The more things change….

It’s interesting to see how the new media, particularly Twitter, Wikipedia, and Facebook, are blithely walking in the footsteps of the old media:

When Bill Kovach decided circa 1987 that the Atlanta papers needed a bureau in Nairobi, he could afford to do it, because the paper was making a handsome profit from advertising revenue. The fact that advertising ultimately paid the bills — the source of revenue, whereas the salaries of the newsroom staff were an expense — was an aspect of journalism that a lot of Good for Democracy types never really figured out. Bottom-line considerations were far from the minds of most people in our nation’s newsrooms 25 years ago, before Al Gore invented the Internet, and then some guy named Matt Drudge became America’s Editor-in-Chief.

Oh, the pages and pages of classified ads — help wanted, real estate,
used cars, whatever — that were once such a magnificent revenue
generator for newspaper publishers. Oh, the display ads from department
stores, and the full-color advertising inserts stuffed inside that thick
Sunday paper. Nearly all gone now — gone with the wind, along with the
fat profit margins that allowed Bill Kovach the luxury of force-feeding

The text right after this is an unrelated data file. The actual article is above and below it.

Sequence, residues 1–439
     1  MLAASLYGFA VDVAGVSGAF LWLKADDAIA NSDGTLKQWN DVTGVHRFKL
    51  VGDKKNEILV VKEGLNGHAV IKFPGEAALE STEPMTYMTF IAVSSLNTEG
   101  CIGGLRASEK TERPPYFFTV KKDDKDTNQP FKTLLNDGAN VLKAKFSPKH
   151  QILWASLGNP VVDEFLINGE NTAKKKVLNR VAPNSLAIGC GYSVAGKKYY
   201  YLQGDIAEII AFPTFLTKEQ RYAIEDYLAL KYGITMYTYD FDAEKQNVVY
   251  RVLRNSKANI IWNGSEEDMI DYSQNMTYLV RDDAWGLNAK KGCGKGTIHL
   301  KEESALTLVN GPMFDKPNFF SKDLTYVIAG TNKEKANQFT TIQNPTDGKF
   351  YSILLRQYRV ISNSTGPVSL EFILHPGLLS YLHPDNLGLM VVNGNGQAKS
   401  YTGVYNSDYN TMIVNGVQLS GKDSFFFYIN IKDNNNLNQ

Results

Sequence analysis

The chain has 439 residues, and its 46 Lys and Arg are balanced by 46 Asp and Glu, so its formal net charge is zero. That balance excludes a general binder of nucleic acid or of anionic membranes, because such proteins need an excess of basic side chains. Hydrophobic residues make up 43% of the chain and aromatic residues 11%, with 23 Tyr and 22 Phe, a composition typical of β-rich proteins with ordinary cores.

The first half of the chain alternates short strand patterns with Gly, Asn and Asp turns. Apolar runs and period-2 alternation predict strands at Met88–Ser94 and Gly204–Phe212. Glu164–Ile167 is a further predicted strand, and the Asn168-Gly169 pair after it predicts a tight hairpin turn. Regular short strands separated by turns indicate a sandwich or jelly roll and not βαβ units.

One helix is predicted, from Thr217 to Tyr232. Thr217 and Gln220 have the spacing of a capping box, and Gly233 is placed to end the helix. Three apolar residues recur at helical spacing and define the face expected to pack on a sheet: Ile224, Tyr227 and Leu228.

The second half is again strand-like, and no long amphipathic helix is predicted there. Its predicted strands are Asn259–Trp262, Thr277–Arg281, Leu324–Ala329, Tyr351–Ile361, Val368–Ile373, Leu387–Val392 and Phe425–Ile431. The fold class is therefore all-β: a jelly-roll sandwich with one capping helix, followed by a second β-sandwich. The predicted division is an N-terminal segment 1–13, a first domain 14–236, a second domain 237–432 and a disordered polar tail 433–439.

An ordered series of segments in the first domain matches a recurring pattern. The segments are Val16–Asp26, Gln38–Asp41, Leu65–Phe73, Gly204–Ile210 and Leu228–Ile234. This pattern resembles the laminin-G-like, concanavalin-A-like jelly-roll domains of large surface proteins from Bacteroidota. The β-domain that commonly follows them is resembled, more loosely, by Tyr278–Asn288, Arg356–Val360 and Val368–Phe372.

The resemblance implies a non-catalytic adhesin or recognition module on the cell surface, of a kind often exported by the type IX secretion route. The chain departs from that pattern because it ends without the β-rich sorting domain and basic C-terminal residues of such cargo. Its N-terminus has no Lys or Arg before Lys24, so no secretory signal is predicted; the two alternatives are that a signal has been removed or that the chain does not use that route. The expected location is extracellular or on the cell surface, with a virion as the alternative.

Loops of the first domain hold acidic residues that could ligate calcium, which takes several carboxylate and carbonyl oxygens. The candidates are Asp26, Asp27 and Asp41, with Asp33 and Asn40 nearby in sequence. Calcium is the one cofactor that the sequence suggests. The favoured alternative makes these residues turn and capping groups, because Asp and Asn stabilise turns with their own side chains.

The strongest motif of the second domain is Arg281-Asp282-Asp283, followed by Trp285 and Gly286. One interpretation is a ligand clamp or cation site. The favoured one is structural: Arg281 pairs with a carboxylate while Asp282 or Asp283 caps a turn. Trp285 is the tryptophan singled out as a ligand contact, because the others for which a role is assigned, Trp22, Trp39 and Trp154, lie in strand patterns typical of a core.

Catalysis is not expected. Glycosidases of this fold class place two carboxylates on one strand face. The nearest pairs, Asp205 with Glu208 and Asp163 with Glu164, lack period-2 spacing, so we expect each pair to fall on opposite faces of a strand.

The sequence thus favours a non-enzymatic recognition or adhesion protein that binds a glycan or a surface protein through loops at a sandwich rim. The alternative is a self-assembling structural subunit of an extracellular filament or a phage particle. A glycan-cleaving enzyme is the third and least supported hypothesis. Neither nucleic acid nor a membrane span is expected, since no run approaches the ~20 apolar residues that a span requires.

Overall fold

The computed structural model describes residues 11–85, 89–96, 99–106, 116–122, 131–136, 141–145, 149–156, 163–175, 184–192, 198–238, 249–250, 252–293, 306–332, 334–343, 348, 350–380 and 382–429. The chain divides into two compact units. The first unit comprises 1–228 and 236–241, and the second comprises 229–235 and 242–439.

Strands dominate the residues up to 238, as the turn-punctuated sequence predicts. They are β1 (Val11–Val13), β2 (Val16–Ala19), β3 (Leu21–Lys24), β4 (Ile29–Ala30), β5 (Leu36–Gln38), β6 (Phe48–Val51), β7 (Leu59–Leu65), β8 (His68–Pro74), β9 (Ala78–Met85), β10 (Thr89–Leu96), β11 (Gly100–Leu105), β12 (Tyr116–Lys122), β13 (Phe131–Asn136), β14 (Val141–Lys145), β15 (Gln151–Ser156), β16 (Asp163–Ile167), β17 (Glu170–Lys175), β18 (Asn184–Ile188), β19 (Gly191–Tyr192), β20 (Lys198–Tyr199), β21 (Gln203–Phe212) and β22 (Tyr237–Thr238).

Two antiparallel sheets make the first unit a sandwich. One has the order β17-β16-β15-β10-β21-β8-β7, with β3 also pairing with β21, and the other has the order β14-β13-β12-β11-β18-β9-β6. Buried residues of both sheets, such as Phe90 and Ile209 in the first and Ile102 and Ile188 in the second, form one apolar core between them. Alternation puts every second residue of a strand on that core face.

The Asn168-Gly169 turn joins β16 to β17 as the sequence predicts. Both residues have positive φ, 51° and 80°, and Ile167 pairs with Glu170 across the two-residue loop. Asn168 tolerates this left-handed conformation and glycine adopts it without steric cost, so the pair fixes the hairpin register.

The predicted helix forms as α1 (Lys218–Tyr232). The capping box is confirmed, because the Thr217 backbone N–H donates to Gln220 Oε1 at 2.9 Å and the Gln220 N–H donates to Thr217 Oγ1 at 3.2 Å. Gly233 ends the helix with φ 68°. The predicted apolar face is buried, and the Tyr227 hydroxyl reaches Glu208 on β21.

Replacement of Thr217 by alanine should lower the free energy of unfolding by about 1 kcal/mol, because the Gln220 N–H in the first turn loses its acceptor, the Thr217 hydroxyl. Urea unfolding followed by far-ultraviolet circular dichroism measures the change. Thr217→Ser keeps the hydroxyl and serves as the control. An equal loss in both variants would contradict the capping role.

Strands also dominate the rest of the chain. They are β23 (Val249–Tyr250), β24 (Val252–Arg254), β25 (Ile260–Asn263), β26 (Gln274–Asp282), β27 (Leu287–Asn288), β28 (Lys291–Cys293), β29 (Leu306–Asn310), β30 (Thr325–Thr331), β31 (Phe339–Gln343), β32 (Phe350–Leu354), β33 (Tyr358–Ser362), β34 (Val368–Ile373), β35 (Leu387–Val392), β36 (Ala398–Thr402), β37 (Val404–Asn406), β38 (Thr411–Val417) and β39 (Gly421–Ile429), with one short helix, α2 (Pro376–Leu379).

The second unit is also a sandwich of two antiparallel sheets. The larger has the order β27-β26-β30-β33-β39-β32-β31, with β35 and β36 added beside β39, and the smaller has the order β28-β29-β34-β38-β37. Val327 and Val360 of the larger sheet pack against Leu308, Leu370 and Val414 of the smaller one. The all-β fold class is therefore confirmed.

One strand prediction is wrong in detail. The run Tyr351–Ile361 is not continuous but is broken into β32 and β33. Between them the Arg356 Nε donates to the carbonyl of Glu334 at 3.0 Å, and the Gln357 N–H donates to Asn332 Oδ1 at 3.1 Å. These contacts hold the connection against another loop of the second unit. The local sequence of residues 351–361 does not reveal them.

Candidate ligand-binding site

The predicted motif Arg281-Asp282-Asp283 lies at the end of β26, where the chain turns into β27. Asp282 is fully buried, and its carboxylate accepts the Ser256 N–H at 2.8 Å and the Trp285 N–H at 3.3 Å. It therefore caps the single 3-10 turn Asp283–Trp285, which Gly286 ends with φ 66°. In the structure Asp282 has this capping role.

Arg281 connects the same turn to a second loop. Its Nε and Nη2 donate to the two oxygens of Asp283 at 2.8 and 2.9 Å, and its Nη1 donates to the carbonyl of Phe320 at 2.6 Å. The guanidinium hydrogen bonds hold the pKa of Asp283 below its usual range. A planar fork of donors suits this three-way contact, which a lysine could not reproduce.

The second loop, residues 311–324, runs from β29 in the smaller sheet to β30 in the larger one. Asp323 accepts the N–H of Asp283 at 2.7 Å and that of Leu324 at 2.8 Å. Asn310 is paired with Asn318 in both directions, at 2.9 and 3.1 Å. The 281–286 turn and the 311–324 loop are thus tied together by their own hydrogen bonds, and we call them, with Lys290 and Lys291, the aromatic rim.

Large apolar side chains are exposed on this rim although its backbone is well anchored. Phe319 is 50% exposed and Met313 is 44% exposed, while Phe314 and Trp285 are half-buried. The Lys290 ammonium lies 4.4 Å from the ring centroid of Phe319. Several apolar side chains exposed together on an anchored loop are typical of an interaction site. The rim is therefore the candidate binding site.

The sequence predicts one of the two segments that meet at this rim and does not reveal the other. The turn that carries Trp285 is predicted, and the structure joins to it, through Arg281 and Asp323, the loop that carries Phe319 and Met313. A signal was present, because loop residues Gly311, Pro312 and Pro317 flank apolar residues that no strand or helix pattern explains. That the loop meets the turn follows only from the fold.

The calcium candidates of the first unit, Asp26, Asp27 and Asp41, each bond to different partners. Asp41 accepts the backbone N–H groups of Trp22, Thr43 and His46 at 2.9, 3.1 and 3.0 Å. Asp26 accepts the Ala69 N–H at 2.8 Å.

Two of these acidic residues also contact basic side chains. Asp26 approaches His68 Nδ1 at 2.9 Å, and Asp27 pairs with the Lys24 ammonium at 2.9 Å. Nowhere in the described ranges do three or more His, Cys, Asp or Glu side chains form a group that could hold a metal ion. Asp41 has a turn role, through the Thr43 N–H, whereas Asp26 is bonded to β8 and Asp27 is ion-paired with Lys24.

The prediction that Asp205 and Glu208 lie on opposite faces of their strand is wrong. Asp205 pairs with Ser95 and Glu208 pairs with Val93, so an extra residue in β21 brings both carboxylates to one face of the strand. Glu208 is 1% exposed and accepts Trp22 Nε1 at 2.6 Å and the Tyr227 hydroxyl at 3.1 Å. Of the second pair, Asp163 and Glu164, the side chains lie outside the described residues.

readers in Atlanta their journalistic broccoli about the famine in
Sudan. Gone, those glory days when newsrooms were so crowded, and every
major metropolitan paper had an “investigative journalism” team of a
half-dozen hotshots whose bylines rarely appeared in print except on
those tedious five-part series written for the eyes of the Pulitzer
Prize judges.

Yeah, once upon a time, every newspaper in every state capital in
America — from Tallahassee to Juneau, from Augusta, Maine, to Honolulu,
Hawaii — had its own local crew of would-be Woodward and Bernsteins who
believed they were producing journalism that was Good for Democracy.

Gone! All gone now!

In the same way the old media chased off its readers with what McCain calls “broccoli journalism”, the new media is chasing off its readers by telling them what they can and cannot say. In both cases, it is because the media wrongly believes it, and not its readers, are in control.

And that is only going to be of benefit to what we might call the next media, or if you prefer, the Alt Right media.